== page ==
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C&U Chef’s Showcase
“Nacho” ordinary game day: TCU’s signature culinary flavor is kicked-up Tex-Mex with a twist.

College Chef Showcase: How Chef Michael Smith’s football-food playbook pumps up fans at Texas Christian University

Whether it’s a practice game or a championship, TCU’s Sodexo culinary team brings the thrills, chills and all the excitement to game day food with a message to fans: “We’re glad you’re here.”

As with many college football teams this fall, things are a bit uncertain for the Texas Christian University (TCU) Horned Frogs, with conferences switching things up. One thing that’s certain? The food will be amazing.

“As we’re going back into football season, we’re wondering how’s it going to be when it all settles? Well, we can’t control the Pac 10 or the Big 12, but I can control how much fun you’ll have at the game,” says Chef Michael Smith, TCU’s director of culinary operations with Sodexo.

“Our goal is to create a live culinary experience that makes our fans want to attend our sporting events in person, rather than watching it on TV,” Smith says, citing a combination of menu items that starts with familiar Tex-Mex food and then goes for the touchdown with unique touches “to enhance our fans’ sense of excitement and adventure.”

That emotional connection is Smith’s top instruction in the playbook of his kitchen life.


“We don’t save our big ideas for the big game,” says TCU’s Chef Michael Smith.

“Money will come and money will go, but if you can keep people happy on a regular basis, that’s where you’re going to build that ‘rabid fan,’” he says. “Whether you’re at the Super Bowl or going to your daughter’s soccer game, your emotional needs don’t change.”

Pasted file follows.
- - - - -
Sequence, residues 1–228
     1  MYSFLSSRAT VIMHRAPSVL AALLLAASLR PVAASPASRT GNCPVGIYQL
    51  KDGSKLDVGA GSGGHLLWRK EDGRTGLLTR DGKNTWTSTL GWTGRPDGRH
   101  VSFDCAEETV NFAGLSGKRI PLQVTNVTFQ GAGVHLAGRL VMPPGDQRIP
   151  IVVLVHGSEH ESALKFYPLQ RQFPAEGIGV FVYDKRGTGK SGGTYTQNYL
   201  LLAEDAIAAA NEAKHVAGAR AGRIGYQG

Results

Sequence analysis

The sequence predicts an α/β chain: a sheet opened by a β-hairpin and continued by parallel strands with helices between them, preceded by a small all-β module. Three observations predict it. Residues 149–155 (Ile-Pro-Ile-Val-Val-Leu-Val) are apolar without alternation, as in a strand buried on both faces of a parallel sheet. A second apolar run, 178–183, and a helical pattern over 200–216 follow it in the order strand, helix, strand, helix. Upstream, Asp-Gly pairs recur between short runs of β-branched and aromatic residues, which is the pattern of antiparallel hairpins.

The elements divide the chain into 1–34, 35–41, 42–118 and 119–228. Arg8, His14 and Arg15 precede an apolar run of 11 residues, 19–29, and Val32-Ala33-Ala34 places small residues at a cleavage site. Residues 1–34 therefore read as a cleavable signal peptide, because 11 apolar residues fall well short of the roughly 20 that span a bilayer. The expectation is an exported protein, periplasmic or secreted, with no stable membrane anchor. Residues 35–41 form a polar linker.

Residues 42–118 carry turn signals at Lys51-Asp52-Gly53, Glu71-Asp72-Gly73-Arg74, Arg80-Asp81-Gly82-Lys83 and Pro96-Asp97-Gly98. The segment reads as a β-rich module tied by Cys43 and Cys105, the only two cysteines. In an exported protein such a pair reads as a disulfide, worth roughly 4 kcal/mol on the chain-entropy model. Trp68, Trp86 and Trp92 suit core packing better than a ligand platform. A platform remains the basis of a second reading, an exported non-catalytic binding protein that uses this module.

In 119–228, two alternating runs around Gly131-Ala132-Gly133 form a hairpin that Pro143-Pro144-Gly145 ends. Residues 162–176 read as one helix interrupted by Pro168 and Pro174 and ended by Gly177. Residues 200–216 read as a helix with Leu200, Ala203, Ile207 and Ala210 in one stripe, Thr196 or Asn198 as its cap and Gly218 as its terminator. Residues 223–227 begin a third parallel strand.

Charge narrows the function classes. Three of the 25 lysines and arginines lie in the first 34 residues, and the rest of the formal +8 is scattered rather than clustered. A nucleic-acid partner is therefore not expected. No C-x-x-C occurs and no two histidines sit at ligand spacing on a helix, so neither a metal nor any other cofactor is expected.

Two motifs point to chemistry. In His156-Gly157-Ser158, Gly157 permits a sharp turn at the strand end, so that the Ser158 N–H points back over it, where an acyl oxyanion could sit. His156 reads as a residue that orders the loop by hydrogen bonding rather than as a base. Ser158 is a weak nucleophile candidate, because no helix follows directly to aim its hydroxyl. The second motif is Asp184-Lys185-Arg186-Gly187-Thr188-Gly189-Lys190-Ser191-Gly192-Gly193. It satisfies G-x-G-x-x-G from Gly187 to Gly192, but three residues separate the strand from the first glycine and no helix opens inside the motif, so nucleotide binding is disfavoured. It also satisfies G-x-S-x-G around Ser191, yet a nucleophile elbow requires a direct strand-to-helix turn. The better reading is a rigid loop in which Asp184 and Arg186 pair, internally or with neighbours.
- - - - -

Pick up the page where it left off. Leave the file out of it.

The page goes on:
Regardless of the game or the rival, “we don’t save our big ideas for the big game,” Smith says. For example, at a recent springtime practice game, a co-worker told Smith “don’t kill yourself, Chef, it’s just the spring practice game!” Smith replied: “Sorry, but the culinary team at TCU doesn’t scrimmage. If there’s just one fan in the stands, we go all out.”[FT1] 

At that scrimmage game, the menu included items that do a good job of representing what TCU dining is all about: Mexican comfort food with an exciting edge of the unexpected and upgraded. Some highlights: Tex-Mex pot roast mac ‘n cheese, ruby red grapefruit tinga de pollo, mint vodka-infused lamb barbacoa and tres leches cake cups. 


TCU’s Sodexo culinary team was one of the first to dip into the birria trend of dippable tacos.

For football games, the menu will match the “tone and timbre of the sport,” Smith says, adding in seasonal items and surprises to engage with fans and make them feel like part of the team. After each sports season, he looks at data, but Smith doesn’t let numbers rule his game plan; those come more from the heart.

“A lot of companies will analyze data and know what’s selling and then duplicate that on a larger scale,” he says. “But I look at data a different way: What am I doing that’s resonating as a win? A win isn’t a transaction; a win is a smile.”

And with that in mind, there should be lots of smiling Horned Frogs in the stands for the upcoming football season, no matter what it will bring on the field.

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